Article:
#38 gdvanc

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Posted 24 April 2008 - 07:12 PM

What an enjoyable and informative discussion. John S., thanks for starting it and contributing your perspective. Sam, thanks for the TIF explanation. I'll have some follow-up questions later.


QUOTE (djold1 @ Mar 28 2008, 01:36 PM) <{POST_SNAPBACK}>
QUOTE
This vanished house, along with a number of other architecturally significant neighborhood homes, was featured in the late 1970's Northside architectural survey by the North Fort Worth Historical Society. Very few copies of this rare work survive but if anyone wants to get a feel for how much has already been lost, the photographic evidence can readily be found within its pages.


This has been and is one of the most interestng of the recent local history threads. Much information that is either new or mostly forgotten has come to light. Many of us who volunteer for the North Fort Worth Historical Society & Stockyards Musuem have been following this thread.

If you take the trek up Samuels Avenue from the flats on the north, the near total destruction of one of the earliest FW neighborhoods is appalling.

To perhaps add a little more information click here here to see a large 11mb PDF file of the complete 35 page 1977 North Worth Worth Architectual/Historical Survey and Adaptive Reuse Studies publication of which the Society was co-author and publisher with several others.


A friend of mine saw this in a garage sale and thought of me. After receiving it, I drove around the Samuels area for the first time as well as some of the old Nort Fort Worth neighborhoods. There were still houses and buildings that seemed relatively well-kept, but it was disappointing how many had been lost or were in utter disrepair. It was disappointing for the usual reasons, but one thing that struck me was that in some cases these houses could have represented perhaps the best opportunity for a person of relatively modest means (myself included) to own a fairly unique home with distinctive character. Without these, a cube from Box & Jacobs or KB Clones may be the best they can afford. As these neighborhoods disappear, a city with history begins to look a little more like Plano.

#39 AndyN

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Posted 25 April 2008 - 12:10 AM

Hey, hey, hey, hey, hey! Don't be judging our casitas. I don't normaly leave the trees sticking out of my roof untrimmed, but I was waiting on the insurance settlement. And that pile of splinters in my driveway was a carport two weeks ago. Storm damage aside, it is still a nice neighborhood north of the pioneer cemetery.
Www.fortwortharchitecture.com

#40 redhead

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Posted 25 April 2008 - 01:47 PM

We actually bought a house on Samuels for one of our "chidults" (child-adult), only to discover that our home inspector deemed it unsafe for habitation. Old electrical and a number of structural issues...the price to bring it up to par was more than seemed smart to spend...

#41 John S.

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Posted 25 April 2008 - 02:38 PM

QUOTE (redhead @ Apr 25 2008, 02:47 PM) <{POST_SNAPBACK}>
We actually bought a house on Samuels for one of our "chidults" (child-adult), only to discover that our home inspector deemed it unsafe for habitation. Old electrical and a number of structural issues...the price to bring it up to par was more than seemed smart to spend...



In retrospect, was that a good decision? So, did you "dump" it after finding out how much it would cost to repair/renovate? Seeing that vacant lots in the development area have recently been bringing as much as $35 a square foot, (according to the neighborhood grape-vine) that old run down dwelling might have been worth holding on to, for the land value alone. I will agree with you that the demand on Samuels for restored historic homes has never been very great. The Kelley family bought the old Garvey-Viehl Queen Anne mansion in 1972 for around $20,000. It sits on over 3 acres of land going down to the middle of the Trinity River and the land alone should be conservatively worth over $2 million to a developer. From a preservation perspective, I hope the old Manse sees better days as a law office, bed & breakfast, or house museum while the land behind it gets redeveloped.

Our home, largely neglected for much of the 20th century, still has "issues" in terms of updates and other needed work. However, until it sells, I intend to keep on working on it, albeit, at a fairly slow pace as time and money allpw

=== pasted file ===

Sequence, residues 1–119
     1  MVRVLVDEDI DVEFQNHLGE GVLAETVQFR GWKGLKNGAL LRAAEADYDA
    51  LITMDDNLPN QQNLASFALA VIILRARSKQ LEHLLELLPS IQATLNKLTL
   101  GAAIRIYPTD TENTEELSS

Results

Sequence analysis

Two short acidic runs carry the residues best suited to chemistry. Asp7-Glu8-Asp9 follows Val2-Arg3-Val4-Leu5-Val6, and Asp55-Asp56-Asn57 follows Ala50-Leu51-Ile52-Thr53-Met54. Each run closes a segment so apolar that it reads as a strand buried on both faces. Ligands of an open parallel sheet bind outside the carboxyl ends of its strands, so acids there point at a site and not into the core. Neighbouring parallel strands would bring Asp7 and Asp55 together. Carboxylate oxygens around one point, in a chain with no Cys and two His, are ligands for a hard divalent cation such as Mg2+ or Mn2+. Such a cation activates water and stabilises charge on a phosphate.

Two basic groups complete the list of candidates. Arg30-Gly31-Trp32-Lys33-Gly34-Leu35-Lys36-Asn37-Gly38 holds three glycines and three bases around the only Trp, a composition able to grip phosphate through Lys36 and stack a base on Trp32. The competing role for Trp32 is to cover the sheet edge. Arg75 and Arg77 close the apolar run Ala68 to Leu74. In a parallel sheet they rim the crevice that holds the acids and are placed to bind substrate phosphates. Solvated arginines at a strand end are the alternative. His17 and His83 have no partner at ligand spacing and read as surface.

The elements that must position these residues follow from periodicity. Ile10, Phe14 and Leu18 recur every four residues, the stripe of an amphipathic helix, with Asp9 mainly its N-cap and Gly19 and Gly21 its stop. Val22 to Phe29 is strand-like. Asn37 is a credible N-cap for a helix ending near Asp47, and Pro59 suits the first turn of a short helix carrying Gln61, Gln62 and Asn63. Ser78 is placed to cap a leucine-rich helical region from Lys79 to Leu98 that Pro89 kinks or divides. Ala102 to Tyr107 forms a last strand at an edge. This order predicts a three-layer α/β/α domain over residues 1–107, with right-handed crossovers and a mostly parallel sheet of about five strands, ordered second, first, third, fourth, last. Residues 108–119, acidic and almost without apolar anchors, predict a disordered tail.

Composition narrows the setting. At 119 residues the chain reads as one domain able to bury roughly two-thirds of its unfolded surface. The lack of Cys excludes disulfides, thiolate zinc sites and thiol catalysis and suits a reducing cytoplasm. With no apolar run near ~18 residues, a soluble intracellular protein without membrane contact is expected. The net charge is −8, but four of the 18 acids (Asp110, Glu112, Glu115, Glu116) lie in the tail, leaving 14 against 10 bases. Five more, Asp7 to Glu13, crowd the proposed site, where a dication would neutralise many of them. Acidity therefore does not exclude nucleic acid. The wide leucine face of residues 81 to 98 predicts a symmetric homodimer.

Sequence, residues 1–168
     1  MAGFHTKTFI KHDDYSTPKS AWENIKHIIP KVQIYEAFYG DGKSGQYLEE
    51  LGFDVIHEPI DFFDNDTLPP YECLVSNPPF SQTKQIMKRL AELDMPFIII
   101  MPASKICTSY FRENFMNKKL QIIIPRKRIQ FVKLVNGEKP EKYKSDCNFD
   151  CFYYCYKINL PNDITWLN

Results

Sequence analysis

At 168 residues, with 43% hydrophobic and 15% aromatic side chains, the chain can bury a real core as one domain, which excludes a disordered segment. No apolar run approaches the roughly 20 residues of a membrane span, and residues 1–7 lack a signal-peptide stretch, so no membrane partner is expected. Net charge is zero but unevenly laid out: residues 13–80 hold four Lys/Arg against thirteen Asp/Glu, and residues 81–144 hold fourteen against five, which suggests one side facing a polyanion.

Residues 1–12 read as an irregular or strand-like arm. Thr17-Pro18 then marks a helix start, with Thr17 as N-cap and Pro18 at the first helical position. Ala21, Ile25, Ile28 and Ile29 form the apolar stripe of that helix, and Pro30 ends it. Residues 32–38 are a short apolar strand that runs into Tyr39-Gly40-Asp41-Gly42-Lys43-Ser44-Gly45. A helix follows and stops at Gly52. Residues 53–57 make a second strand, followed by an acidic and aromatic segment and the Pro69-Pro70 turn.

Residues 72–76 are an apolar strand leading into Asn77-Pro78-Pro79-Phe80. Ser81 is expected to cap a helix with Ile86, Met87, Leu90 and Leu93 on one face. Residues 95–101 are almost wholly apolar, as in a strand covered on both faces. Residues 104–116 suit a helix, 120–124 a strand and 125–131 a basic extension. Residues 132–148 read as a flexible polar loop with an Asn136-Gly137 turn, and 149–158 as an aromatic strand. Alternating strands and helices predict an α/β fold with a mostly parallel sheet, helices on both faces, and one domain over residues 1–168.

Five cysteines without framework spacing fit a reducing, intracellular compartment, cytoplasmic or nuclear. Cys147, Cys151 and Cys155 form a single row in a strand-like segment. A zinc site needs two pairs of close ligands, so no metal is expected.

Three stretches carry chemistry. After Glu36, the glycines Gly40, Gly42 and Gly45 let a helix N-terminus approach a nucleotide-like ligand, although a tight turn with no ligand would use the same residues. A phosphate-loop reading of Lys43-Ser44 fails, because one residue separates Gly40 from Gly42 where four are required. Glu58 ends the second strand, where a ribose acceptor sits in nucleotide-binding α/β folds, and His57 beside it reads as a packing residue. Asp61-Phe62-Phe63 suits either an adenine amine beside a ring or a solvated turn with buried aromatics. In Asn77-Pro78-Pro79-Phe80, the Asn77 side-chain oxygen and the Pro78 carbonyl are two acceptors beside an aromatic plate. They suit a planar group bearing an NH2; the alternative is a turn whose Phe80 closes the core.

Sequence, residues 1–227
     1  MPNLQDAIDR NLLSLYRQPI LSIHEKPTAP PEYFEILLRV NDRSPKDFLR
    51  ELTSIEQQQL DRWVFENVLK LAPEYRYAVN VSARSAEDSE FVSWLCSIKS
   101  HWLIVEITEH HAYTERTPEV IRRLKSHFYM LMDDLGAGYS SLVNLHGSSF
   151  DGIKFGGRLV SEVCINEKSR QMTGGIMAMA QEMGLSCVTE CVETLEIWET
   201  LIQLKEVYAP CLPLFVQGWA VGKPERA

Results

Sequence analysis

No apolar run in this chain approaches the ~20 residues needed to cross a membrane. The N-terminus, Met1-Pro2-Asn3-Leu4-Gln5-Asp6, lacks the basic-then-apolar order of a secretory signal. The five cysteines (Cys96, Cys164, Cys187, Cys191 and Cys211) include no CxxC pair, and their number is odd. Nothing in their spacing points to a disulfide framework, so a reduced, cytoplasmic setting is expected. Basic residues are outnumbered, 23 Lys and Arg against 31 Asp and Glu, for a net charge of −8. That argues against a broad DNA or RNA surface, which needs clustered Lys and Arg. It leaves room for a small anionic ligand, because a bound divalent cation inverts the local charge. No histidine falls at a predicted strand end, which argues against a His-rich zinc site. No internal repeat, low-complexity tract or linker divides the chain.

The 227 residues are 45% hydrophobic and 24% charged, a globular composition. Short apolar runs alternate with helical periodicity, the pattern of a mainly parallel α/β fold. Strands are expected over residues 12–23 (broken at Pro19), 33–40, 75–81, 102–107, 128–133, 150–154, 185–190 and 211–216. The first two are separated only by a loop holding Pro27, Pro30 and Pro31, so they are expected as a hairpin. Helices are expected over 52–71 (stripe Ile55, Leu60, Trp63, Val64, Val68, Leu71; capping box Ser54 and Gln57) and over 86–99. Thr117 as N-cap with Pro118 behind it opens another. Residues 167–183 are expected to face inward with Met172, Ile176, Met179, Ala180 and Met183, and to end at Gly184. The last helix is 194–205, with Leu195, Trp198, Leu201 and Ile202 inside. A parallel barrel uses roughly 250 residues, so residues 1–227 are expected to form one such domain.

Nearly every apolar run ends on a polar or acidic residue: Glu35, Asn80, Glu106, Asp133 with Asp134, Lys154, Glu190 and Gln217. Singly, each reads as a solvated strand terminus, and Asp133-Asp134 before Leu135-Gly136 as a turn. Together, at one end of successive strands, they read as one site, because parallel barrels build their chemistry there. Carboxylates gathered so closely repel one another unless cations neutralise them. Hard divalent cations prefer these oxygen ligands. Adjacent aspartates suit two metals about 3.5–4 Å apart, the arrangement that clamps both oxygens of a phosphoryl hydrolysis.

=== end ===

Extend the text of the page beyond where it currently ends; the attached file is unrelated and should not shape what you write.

Too bad more would-be restorers didn't "discover" the hidden historic treasures of Samuels Avenue before the developers did-it might have been nice to have had one "Gaslight" era neighborhood remaining in Fort Worth.

#42 redhead

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Posted 28 April 2008 - 11:10 AM

No, we did not dump it. We are sitting on it for the future land value.

I think the Kelley house is gorgeous, but like Thistle Hill, I imagine it needs a fortune in repair. I think it would make a great wedding house with gardens terraced down behind it to capture the view. It's beautiful, but its condition is very sad---walls collapsing in the front, and obvious need of paint, etc...sad.gif

#43 FortWorthian

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Posted 11 June 2024 - 08:30 AM

John,

I don't suppose you found any photos of an old building in the home, did you? The Martin Casey Building that once was on Lancaster is one of the mysteries of Fort Worth history. The only image of it that has been discovered is Bror Utter's 1957 watercolor painting of it. I wrote an article about Utter's paintings and the Martin Casey Building was one that I wrote about.

Kevin,

Teresa Reilly (who took up residence in our home after Martin Casey, her cousin, bought it for her in 1890) surely had frequent occasions to visit with the Caseys. The Caseys, Reillys, Lehanes, and Fenelons (731 Samuels) were all family related. However, before we bought the old homeplace in the summer of 1989, a complete estate sale had been conducted on the premises. (I've talked to a couple of veteran FW Antiques dealers who attest to some of the fantastic, one-of-a-kind local artifacts) When we bought the property, which by now most of you must have deduced is at 823 Samuels, we found the house totally empty, even the ornate over-mantel in the parlor had been sold. The executrix of the estate managed to locate it and graciously returned it to us as a gift a few years later. The few family photos I copied (also courtesy of the estate executrix) were of Teresa Reilly and her son and grandchildren-two taken in front of the house in the early 1900's. . I was told no other photos were found in the house and a few others (of family members) had been sent out to one surviving neice in California. Since the family was always very frugal and apparently never threw anything away, the fact that more photos weren't found remains something of a mystery. Maybe they went to another family member years ago or some lucky estate sale buyer quietly bought a box full and slipped away-we'll never know. In any event, the long answer to your short question is that no, a photo of the Martin Casey Building has not been found. (I find it almost impossible that there isn't a copy somewhere in someone's dusty collection)

Bror Utter (that was a very nice article you wrote, BTW) seems to have faithfully captured the essence of his subject buildings-makes me wonder if he took any photos of his subjects before he rendered them? Did you notice the architectural detail similarities between the Casey building and the 1899 (Gulf, Colorado, &) Santa Fe Depot building? (both in the Neo-Classical, Beaux Arts style) Coincidence, or connected? I took a look online for information about the Depot and noted that the architect is not known-if someone could find a contemporary newpaper on microfilm citing the construction of the depot, surely it would have mentioned the architect. So much unfinished research...so little free time...(sigh!)

John

 

823 Samuels slated for demo?

 

Record HCLC-24-133: 
Historic and Cultural Landmarks Commission
Record Status: Pending

https://aca-prod.acc...ShowInspection=

 

Proposed Work: Demolition



#44 Austin55

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Posted 11 June 2024 - 08:44 AM

The trees would be the saddest thing to lose there.